By Curt Yeomans
Corrective Superintendent John Thompson is planning to put several school system employees in the spotlight during two pep rallies for Clayton County teachers in August.
Two e-mails sent July 18, and July 21 detail Thompson's plan to establish a 100-member choir. The e-mails call for Clayton County faculty and staff members to lend their voices in song.
The e-mails also said the new choir will perform on Aug. 1 and 4, during two back-to-school rallies the school system will hold for employees at the Clayton County Performing Arts Center. The rallies also will feature employees who can dance, and play orchestral instruments, according to the July 21 e-mail. The employees who sign up for the entertainment will meet with Thompson on Thursday at the Performing Arts Center.
"The intent was just to have something nice for the teachers as they came back for the new school year," said district spokesman Charles White. "It is just an opportunity to see some people singing."
The school system held a back-to-school rally for teachers last year at the Performing Arts Center. The rallies typically include a speech from the superintendent, in which goals for the upcoming school year are outlined. Words of encouragement are given, and some form of entertainment is usually included.
During a series of three rallies last year, then-Interim Superintendent Gloria Duncan announced the end of direct-instruction programs, and that bonuses would be given to teachers whose schools met Adequate Yearly Progress the previous year. Each rally ended with Duncan calling district officials up to the stage, and everyone dancing.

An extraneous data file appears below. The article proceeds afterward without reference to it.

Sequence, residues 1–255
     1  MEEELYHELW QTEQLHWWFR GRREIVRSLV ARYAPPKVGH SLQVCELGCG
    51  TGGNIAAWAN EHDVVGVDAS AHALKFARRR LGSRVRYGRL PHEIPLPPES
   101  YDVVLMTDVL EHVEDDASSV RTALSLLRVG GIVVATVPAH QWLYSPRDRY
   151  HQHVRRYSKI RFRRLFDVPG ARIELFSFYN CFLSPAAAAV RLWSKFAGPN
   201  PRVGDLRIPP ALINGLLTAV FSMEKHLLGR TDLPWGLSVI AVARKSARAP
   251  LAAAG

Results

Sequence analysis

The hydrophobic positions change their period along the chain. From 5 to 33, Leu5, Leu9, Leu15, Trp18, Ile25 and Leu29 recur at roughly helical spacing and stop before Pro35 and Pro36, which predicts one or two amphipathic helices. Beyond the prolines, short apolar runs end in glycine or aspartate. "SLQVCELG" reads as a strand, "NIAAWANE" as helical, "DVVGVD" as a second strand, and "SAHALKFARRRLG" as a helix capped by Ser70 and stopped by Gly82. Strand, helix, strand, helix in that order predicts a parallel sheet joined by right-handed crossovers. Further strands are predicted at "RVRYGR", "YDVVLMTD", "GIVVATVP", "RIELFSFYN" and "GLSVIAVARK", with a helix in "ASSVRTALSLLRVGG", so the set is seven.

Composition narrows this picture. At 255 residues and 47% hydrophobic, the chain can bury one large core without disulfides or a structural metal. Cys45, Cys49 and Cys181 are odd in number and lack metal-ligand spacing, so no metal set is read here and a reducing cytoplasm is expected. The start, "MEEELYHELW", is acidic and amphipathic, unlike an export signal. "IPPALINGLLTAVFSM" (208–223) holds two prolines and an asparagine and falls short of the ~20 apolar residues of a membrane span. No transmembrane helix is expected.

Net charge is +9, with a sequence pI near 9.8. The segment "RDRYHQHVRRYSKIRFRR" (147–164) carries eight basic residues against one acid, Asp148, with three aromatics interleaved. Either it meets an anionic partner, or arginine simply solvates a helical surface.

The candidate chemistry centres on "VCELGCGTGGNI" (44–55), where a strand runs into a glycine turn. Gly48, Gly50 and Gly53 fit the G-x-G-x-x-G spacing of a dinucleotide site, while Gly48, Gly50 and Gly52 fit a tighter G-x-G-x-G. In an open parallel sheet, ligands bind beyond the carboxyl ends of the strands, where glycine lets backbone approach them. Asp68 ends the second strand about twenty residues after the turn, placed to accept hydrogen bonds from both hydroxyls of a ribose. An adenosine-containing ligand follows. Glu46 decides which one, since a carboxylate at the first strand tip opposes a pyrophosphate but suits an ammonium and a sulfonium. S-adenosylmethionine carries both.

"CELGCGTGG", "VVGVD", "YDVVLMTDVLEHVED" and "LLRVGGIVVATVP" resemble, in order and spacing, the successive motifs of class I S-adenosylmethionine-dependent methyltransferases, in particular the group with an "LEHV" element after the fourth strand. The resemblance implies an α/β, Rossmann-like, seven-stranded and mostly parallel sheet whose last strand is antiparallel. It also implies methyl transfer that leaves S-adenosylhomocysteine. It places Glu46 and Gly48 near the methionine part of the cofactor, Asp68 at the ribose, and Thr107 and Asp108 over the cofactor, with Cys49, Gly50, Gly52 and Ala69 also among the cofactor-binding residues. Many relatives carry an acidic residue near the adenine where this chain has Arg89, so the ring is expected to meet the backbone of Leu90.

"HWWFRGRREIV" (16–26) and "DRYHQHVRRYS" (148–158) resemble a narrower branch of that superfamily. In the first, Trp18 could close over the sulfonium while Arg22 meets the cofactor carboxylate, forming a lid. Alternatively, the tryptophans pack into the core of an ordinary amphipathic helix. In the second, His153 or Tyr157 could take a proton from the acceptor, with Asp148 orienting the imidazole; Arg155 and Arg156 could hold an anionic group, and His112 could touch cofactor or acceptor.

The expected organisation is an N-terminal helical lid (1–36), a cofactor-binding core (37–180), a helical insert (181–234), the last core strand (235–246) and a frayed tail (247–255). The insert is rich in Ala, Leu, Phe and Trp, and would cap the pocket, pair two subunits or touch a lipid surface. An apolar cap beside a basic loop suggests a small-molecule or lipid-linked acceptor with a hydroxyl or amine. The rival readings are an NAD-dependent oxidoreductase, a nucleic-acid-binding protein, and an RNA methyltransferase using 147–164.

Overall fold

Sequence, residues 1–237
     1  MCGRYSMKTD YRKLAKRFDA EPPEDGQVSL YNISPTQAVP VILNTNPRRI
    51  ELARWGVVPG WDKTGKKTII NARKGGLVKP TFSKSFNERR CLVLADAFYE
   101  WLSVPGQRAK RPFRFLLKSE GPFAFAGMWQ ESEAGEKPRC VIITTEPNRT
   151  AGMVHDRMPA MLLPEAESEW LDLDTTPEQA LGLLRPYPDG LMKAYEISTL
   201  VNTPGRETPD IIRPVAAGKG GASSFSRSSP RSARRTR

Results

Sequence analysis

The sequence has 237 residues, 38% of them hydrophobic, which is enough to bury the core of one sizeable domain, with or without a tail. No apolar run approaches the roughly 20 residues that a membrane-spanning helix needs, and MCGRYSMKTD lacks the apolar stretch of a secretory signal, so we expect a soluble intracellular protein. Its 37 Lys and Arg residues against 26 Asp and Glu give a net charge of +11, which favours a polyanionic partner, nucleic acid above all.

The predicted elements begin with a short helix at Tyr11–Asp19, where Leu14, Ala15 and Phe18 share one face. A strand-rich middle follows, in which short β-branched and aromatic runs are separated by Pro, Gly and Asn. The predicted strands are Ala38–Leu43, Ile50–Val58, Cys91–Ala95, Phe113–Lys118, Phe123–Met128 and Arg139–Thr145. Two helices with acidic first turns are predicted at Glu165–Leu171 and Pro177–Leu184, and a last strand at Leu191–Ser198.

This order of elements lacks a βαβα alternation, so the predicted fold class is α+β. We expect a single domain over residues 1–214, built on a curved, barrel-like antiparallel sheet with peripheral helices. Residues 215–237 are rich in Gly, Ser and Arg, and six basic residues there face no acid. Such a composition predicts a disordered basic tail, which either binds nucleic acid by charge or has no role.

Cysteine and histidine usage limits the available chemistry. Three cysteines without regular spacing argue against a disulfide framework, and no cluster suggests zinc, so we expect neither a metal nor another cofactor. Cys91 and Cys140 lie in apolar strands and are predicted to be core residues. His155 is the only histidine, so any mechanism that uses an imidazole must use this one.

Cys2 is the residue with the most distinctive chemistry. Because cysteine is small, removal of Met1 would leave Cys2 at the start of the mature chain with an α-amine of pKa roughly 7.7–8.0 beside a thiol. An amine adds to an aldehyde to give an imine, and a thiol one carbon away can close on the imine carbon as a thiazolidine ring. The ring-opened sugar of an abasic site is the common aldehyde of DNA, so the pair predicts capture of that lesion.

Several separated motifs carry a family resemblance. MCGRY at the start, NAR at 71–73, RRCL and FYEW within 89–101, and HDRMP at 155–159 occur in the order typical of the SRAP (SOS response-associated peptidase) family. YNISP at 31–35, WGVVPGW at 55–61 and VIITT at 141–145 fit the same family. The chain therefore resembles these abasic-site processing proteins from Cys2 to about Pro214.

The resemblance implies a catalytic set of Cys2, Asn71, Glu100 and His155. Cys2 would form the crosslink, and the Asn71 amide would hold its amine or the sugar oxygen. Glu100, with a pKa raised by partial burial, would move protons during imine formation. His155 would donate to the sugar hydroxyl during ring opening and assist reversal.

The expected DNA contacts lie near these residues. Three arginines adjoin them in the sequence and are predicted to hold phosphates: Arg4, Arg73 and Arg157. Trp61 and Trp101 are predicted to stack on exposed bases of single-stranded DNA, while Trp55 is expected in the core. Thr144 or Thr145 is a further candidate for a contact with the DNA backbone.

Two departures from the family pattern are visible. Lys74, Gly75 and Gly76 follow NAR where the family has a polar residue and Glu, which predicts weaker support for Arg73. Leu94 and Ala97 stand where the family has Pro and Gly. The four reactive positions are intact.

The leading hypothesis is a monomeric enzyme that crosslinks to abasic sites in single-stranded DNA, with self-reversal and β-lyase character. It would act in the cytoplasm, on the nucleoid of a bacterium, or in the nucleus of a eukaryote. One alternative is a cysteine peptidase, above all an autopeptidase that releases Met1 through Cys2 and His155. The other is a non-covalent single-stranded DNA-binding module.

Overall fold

White said the school system is not going to mandate that any employees participate in the choir for this year's rallies, and those who sing will not be paid. He also said he did not know if the choir would be used again after the rallies.
"We don't even know if we'll have enough people to do it," White said. "This was just a call to see if there was any interest. This may end up being a one-time only thing."
The plan for the choir has been criticized on Internet blogs, however, and some former employees say educators do not need rallies to get ready for the new school year when an accreditation crisis looms over the school system.
The Southern Association of Colleges and Schools (SACS) has said it will revoke the district's accreditation, if nine mandates for improvement are not met by Sept. 1.
Marla Smith, a former Clayton County teacher who left the district this year because of the accreditation threat, said she received the e-mails because Clayton County school district officials have not yet disabled her school system e-mail account.
Smith said there is no reason to establish a choir to entertain teachers, and "If Dr. Thompson wants someone to get up and do a song and dance, then he can perform a solo."
"Teachers don't need a pep rally to get excited about their job," Smith said. "They are already excited to be starting a new school year... What they want to hear is what the county is doing to get out of this [accreditation] mess."